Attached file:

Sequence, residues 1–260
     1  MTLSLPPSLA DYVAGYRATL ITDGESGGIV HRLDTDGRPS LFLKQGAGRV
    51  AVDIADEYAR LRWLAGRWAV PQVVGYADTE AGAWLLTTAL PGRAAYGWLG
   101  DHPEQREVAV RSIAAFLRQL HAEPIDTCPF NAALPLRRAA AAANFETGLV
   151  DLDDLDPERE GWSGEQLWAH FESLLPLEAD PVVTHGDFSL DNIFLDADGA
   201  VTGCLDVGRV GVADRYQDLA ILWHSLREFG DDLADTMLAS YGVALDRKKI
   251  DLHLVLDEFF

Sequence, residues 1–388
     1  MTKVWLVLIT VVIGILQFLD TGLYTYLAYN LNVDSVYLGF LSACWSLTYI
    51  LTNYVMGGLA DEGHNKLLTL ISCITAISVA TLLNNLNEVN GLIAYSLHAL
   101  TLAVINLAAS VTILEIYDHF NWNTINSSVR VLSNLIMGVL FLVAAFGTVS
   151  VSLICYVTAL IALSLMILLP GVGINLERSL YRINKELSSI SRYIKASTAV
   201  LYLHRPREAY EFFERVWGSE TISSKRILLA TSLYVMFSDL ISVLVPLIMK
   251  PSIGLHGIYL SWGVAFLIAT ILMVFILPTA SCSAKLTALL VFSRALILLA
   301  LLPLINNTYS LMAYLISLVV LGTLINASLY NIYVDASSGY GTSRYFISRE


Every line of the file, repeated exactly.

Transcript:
Sequence, residues 1–260
     1  MTLSLPPSLA DYVAGYRATL ITDGESGGIV HRLDTDGRPS LFLKQGAGRV
    51  AVDIADEYAR LRWLAGRWAV PQVVGYADTE AGAWLLTTAL PGRAAYGWLG
   101  DHPEQREVAV RSIAAFLRQL HAEPIDTCPF NAALPLRRAA AAANFETGLV
   151  DLDDLDPERE GWSGEQLWAH FESLLPLEAD PVVTHGDFSL DNIFLDADGA
   201  VTGCLDVGRV GVADRYQDLA ILWHSLREFG DDLADTMLAS YGVALDRKKI
   251  DLHLVLDEFF

Sequence, residues 1–388
     1  MTKVWLVLIT VVIGILQFLD TGLYTYLAYN LNVDSVYLGF LSACWSLTYI
    51  LTNYVMGGLA DEGHNKLLTL ISCITAISVA TLLNNLNEVN GLIAYSLHAL
   101  TLAVINLAAS VTILEIYDHF NWNTINSSVR VLSNLIMGVL FLVAAFGTVS
   151  VSLICYVTAL IALSLMILLP GVGINLERSL YRINKELSSI SRYIKASTAV
   201  LYLHRPREAY EFFERVWGSE TISSKRILLA TSLYVMFSDL ISVLVPLIMK
   251  PSIGLHGIYL SWGVAFLIAT ILMVFILPTA SCSAKLTALL VFSRALILLA
   301  LLPLINNTYS LMAYLISLVV LGTLINASLY NIYVDASSGY GTSRYFISRE